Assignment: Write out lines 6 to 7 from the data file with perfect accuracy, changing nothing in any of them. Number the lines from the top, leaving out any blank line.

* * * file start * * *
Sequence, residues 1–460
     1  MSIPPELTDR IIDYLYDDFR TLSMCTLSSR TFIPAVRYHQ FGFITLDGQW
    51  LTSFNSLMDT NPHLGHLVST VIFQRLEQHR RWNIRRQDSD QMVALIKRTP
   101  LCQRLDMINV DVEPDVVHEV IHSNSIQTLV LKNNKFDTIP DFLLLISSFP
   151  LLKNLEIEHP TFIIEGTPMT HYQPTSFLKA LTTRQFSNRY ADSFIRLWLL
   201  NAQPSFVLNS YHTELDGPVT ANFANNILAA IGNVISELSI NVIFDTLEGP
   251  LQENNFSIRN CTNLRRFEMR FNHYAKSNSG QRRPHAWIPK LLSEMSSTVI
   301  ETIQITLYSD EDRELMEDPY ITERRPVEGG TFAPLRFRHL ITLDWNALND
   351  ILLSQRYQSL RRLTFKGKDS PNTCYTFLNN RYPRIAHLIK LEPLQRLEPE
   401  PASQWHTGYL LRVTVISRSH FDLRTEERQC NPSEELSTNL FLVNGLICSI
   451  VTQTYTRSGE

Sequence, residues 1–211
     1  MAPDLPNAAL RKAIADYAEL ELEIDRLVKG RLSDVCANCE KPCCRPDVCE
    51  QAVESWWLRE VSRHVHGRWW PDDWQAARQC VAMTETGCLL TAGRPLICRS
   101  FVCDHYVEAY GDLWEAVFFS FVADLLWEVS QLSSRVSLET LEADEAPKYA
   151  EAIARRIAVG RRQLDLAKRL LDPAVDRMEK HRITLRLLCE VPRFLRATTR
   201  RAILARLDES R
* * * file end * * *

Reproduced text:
   201  NAQPSFVLNS YHTELDGPVT ANFANNILAA IGNVISELSI NVIFDTLEGP
   251  LQENNFSIRN CTNLRRFEMR FNHYAKSNSG QRRPHAWIPK LLSEMSSTVI